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Getting into the holiday spirit

Posted on November 27, 2013 by Lethbridge Sun Times

Photo by Judy Westcott

Ted Stilson, executive director of Downtown Lethbridge BRZ, displays signs promoting some of the upcoming events taking place in the city’s downtown core.

Downtown merchants are pulling out all the stops to make their shopping area the place to be this holiday season.

Hay rides, old-fashioned carolers, bright lights and seasonal promotions combine with historical charm to create a hard-to-resist festive mood in the weeks leading up to Christmas.

“We encourage everyone to bring the family downtown to enjoy a more relaxing, nostalgic way of holiday shopping,” says Ted Stilson, executive director of the Downtown Lethbridge BRZ.

“You can park the car and spend the day exploring the many merchants downtown — we have such a great variety of retailers,” he says. “Then you can cap it off with a visit to one our fantastic restaurants, coffee shops or pubs.”

The downtown core has an abundance of restaurants with a variety of cuisines from around the globe, as well as several fast food restaurants and coffee shops.

Many of the cultural attractions, including the Southern Alberta Art Gallery, Galt Museum, Casa, Bowman Arts Centre, Lethbridge Public Library, and Trianon Gallery, are also offering unique seasonal promotions.

The fun doesn’t have to stop when the sun goes down. Stilson says the number of venues offering live music in the downtown core has also increased in the recent years, giving rise to a more vibrant and eclectic music scene.

Stilson says this is the busiest time of year in the downtown core and several seasonal events have been planned around the holiday season, with last weekend’s Bright Lights Festival kicking off the festivities.

This will be followed by the first ever Black Friday promotion on Friday, Nov. 29, when participating retailers will be offering discounted merchandise in an attempt to compete with the popular annual online shopping event.

“We would like shoppers to think local and shop local, rather than see those dollars leave our community,” says Stilson. “The advantages are that you are supporting local merchants who pay taxes here, hire employees here, and in turn support local clubs and charities.”

He says it’s a win/win situation for both the retailer and the consumer. By supporting local merchants, the shopper is supporting the local economy and gets the benefit of quality merchandise and expert product knowledge.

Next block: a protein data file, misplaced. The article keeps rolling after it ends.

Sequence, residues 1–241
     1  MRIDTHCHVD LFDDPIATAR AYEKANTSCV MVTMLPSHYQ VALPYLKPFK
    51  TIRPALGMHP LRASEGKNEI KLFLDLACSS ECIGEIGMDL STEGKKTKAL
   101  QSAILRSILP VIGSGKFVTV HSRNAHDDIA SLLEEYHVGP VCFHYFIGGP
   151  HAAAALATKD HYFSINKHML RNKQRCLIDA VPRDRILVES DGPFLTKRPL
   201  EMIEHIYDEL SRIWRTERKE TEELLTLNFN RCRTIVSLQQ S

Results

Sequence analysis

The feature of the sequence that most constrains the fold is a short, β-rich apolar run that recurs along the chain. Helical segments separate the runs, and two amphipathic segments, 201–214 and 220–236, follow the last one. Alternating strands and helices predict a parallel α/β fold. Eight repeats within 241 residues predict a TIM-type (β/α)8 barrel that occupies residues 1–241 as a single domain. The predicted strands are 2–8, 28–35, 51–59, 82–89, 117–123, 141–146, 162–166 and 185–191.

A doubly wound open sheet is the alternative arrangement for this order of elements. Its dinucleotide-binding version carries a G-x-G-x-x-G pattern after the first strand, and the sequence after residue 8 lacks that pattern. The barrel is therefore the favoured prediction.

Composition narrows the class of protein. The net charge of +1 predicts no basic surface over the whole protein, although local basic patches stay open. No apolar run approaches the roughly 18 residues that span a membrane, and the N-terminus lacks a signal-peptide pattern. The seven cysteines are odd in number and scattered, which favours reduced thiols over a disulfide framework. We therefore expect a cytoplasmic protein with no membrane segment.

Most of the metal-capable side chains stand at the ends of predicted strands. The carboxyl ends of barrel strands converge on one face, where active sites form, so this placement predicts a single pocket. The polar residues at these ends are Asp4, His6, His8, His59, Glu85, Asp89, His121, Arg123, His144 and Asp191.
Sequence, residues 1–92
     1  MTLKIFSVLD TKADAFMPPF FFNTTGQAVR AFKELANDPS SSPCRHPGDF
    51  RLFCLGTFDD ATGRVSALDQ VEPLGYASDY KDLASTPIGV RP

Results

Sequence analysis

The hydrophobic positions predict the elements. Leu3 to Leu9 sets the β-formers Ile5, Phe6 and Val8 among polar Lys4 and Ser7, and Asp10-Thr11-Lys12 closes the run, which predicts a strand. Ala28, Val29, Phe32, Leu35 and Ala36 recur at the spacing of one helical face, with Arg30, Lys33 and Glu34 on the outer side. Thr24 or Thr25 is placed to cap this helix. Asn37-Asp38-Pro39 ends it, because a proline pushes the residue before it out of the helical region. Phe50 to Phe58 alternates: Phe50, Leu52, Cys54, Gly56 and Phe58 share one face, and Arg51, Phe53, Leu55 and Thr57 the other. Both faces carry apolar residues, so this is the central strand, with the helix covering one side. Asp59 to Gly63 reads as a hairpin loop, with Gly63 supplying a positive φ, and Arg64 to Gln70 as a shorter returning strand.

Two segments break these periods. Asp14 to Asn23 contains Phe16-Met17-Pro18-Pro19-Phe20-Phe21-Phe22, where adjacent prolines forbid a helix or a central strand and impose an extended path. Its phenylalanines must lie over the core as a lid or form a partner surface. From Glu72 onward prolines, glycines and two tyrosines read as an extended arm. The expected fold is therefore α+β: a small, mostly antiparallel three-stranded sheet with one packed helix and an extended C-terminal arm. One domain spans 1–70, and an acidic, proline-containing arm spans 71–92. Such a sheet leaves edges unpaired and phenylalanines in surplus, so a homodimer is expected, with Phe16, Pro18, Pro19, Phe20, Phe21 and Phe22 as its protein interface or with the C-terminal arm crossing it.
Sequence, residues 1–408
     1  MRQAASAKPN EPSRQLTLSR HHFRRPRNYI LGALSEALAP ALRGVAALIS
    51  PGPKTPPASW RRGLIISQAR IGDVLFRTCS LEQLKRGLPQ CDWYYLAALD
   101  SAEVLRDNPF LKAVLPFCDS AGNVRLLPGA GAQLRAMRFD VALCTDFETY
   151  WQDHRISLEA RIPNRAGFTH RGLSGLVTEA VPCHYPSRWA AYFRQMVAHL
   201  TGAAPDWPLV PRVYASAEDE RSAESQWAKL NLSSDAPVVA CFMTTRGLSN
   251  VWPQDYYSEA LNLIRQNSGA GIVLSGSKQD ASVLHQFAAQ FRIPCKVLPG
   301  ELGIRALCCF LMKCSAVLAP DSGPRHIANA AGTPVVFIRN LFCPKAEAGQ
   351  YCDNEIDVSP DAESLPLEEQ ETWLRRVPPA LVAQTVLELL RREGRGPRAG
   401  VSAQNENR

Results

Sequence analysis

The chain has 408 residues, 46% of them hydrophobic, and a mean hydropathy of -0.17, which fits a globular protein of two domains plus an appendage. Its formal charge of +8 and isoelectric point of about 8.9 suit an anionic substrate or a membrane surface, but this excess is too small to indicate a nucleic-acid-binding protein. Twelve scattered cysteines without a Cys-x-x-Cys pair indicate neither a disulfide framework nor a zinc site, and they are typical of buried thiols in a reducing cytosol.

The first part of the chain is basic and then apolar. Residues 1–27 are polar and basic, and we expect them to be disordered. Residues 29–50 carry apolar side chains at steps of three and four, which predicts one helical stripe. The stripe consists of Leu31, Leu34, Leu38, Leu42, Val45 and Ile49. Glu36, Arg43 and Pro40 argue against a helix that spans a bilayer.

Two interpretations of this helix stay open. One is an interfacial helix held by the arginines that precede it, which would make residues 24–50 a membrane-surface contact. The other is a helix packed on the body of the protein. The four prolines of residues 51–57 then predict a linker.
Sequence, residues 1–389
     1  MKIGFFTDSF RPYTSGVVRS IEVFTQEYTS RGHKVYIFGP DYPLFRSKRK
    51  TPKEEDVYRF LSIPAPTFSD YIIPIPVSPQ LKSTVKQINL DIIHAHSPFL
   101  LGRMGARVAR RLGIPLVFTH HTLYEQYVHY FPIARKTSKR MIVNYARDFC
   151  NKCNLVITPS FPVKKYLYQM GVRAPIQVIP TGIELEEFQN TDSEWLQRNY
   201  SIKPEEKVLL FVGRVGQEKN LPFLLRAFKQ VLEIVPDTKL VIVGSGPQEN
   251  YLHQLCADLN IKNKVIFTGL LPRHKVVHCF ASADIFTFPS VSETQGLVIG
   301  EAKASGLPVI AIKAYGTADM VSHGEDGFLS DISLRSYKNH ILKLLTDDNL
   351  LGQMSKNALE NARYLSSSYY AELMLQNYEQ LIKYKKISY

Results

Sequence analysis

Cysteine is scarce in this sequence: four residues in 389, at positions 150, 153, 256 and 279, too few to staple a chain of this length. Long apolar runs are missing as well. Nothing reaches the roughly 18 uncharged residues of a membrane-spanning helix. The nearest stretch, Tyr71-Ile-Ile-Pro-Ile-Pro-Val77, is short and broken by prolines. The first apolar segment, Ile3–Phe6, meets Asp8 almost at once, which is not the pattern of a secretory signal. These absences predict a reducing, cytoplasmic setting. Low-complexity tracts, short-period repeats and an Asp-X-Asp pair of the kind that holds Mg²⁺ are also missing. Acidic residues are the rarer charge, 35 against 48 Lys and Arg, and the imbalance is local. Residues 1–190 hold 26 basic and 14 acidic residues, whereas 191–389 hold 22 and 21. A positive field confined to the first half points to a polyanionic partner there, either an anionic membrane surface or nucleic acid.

Following on the heels of Black Friday will be the annual Plaid Days promotion on Dec. 6 and 7. By wearing plaid while shopping downtown during the event, residents will be able to show their support for downtown businesses and shopping locally.

“Plaid Days is all about customer appreciation and thanking them for supporting local merchants,” Stilson says.

Like the Bright Lights Festival, Plaid Days will also feature hay rides, Victorian-esque carolers, and refreshments in Galt Garden, as well as discounts in many of the stores.

Plaid Days will be held in conjunction with December’s First Friday event, a monthly promotion that has “really been gaining momentum,” he says.

Held on the first Friday of each month, the promotion often features discounts on merchandise, street performers, and chances to win prizes at various shops throughout the downtown core.

“First Friday was designed as a way to get citizens to think about shopping local throughout the year, rather than just during the holidays,” he says.

Stilson says the downtown core provides a “good mix” of existing and new businesses, many of them one-of-a-kind shops.

“Many of our downtown businesses are family-owned operations, some being passed down from one generation to another, and then we have some new, boutique shops recently opening up,” he says.

“Downtown has really become the place to be. Rents are still reasonable and good store front space is getting harder and harder to find.”

Stilson’s organization — the Downtown Lethbridge Business Revitalization Zone (BRZ) — was formed in 1987 to promote the downtown business community as a viable economic district, while retaining its historical flavour. A non-profit organization, the BRZ is funded by the more than 350 businesses it represents through a tax levy.

It has undertaken initiatives such as the Wednesday’s Farmer’s Market, the Historic Plaque program, the Lethbridge Main Street Project, a meter-plugging program, a mural program and movies in the park at Galt Gardens.

While some shoppers may find the parking meters of the downtown core a deterrent, Stilson says they serve to keep the traffic moving and notes Lethbridge has some of the least expensive downtown parking in Western Canada.

“People can usually park right in front of the business they want to visit, and many find they are actually walking less than they would at the larger, commercial centres,” he says.

Increasing the safety of the downtown core has also been a priority, and Stilson says the BRZ works closely with the City of Lethbridge and its police department to ensure the area is patrolled and monitored. A beat patrol has been dedicated to the downtown area and security has been assigned to Galt Gardens, he says.

“People have to be careful and aware no matter where they shop in the city and it’s no different downtown,” he says.

Information about the Downtown BRZ and the holiday promotions can be found on its website, http://www.downtownlethbridge.com/.

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